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The 5 Most Common Hypnosis Myths

The world of hypnosis is a world of mystery for most people. The general public’s perceptions of hypnosis are often formed from stage shows and the imagination of Hollywood screen writers. In order to understand how hypnosis actually works, it’s best to know some things about how it doesn’t work.

  1. MYTH: I will be asleep or unaware of what happens during hypnosis. Subjects are not asleep or unconscious during hypnosis. Hypnotists will often use the word “sleep” to guide someone into hypnosis because hypnosis occurs as the brain is on the way to sleep. The mind quickly and easily recognizes the word “sleep” and moves in that direction. A hypnotized subject remains aware of what is happening to them and around them. They just don’t resist it because the hypnotist has created the environment where the subject wants to experience the process.

  2. MYTH: The hypnotist will make me do things I do not want to do. Someone can’t be made to do something they don’t want to do. A hypnotist can’t make a subject rob a bank or give up financial information. If hypnotists had that power they would retire young and everyone would want to be a hypnotist. A stage hypnotist can get a person to act silly and entertain the crowd but it isn’t done against the subjects will. In those shows, a hypnotized subject has been conditioned mentally to have a desire to be the center of attention and to do fun things to entertain the audience. The hypnotist does not have the power to make a subject do something against their will even in deep hypnosis. A subject’s subconscious mind always (in all ways) has protection as the primary duty, so a person can’t be made to do something that would be harmful or morally against the person’s core values.

  3. MYTH: You forget what happened when you were hypnotized. People don’t forget what happened when they are hypnotized - unless they get that suggestion and accept it willingly. In stage shows hypnotists may suggest that people won’t remember the crazy things that the subject did during the show. This is a way for the person to avoid being embarrassed after the show. You can’t be embarrassed by what you don’t remember, right? But this inability to remember is not a result of just the hypnosis! It is a result of the accepted suggestion. The person accepts the suggestion because they know they won’t be embarrassed in the future. In this way, the hypnotist is merely offering a suggestion that benefits the stage show participant. Many people see that happen and believe that hypnosis makes you unaware of what is happening and unable to remember what happened. Can you imagine how bad it would be if a hypnosis client was unable to remember what happened in our offices? They all remember and you will too!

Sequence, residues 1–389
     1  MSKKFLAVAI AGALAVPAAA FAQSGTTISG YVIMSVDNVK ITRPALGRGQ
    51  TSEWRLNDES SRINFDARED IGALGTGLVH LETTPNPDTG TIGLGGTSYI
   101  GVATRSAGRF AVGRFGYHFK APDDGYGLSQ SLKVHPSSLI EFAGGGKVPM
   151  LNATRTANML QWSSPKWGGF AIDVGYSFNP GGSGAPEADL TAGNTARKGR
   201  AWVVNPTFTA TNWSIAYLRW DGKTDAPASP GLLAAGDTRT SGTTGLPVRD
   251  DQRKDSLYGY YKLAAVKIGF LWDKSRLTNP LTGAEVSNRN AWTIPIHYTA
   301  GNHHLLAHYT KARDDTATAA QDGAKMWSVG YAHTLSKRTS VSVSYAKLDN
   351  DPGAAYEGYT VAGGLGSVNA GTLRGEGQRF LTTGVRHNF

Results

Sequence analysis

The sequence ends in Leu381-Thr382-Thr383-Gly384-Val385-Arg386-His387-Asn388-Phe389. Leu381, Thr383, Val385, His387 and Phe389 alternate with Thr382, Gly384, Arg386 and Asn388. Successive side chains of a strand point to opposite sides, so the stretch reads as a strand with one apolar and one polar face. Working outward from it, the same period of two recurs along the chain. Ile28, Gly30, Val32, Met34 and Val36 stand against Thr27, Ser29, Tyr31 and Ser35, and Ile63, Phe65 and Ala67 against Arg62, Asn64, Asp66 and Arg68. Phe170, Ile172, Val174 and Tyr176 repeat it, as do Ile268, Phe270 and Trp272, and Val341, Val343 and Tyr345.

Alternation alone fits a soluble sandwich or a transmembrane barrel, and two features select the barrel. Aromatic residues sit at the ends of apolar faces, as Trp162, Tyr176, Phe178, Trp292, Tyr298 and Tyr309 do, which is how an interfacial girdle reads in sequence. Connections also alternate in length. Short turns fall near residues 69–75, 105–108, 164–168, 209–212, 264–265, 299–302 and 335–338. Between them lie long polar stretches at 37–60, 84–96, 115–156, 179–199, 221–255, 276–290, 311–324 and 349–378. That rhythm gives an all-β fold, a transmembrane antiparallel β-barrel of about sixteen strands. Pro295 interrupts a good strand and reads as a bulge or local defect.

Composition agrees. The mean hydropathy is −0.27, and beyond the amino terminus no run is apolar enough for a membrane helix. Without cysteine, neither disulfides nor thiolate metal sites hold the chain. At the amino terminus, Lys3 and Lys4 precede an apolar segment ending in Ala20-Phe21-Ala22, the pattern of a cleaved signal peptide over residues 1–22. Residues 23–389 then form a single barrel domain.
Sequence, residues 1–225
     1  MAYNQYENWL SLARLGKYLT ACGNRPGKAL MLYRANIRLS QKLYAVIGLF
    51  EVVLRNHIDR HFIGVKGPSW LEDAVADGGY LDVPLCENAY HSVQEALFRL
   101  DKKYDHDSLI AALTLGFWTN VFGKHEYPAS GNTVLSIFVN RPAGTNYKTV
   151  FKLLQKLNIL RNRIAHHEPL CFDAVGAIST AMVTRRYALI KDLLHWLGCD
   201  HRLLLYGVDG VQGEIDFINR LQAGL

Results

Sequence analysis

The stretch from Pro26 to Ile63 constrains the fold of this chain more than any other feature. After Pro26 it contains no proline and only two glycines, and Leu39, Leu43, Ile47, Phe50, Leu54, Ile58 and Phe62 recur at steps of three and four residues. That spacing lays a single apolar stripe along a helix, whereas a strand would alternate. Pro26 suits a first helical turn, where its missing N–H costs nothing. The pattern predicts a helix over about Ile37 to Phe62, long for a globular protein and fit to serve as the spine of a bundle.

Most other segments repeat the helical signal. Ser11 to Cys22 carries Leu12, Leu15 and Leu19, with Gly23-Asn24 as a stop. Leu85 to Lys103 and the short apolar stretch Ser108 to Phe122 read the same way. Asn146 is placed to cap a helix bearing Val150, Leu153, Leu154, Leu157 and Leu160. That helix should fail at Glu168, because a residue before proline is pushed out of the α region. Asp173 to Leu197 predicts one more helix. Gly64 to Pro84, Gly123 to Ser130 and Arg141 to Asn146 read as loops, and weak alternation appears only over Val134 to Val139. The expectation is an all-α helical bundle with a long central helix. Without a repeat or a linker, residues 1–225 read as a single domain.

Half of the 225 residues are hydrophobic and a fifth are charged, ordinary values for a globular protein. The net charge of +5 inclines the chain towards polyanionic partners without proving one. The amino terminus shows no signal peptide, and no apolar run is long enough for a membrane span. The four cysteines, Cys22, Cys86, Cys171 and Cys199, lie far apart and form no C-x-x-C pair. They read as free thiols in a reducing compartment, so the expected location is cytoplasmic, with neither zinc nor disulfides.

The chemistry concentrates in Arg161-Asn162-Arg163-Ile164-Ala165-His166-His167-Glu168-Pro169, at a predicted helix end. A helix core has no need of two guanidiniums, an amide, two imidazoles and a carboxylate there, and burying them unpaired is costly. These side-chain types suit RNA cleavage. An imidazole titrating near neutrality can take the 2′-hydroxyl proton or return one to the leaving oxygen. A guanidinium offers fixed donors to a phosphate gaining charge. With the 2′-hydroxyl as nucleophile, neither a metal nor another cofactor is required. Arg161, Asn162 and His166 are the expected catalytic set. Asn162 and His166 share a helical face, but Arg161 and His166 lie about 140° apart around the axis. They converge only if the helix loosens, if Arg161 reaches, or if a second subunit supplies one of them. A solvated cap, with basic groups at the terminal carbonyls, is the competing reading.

4. MYTH: You might get stuck in hypnosis. You can’t get “stuck” in hypnosis. It’s hard to tell where this idea came around because it is based on a really rare phenomenon. Some people may go into hypnosis and then not wish to easily come out of hypnosis. Others who are very suggestible may go so deep that they find a euphoric relaxation that lulls them into a deep sleep. When this occurs in a stage show, it appears that the person is “stuck” in the trance state. In fact, the hypnotist can merely allow the person to wake on their own or slowly rouse them back to a more alert state. If left alone a hypnotized subject will rise to an alert state on their own. Even a client who wishes to remain in hypnosis would eventually emerge on their own for food, water, or to use a restroom.

  5. MYTH: Evil spirits or demons might enter my mind during hypnosis. Hypnotized subjects are not more open to negative spiritual forces. Some people have asked if demons or other spiritual forces can enter a person who is hypnotized. The answer is no. Hypnosis is a process that works on the emotional brain. Hypnosis is not a spiritual process, though you can reinforce your own spiritual beliefs through self hypnosis. In some societies a hypnotic-like state is used to create spontaneous healing or deepen ritual. Those participants are susceptible to the process because they are willing to engage in the process for their own benefit. If you are concerned that hypnosis will somehow violate a spiritual belief, talk to your hypnotist. They can explain their process in more detail.



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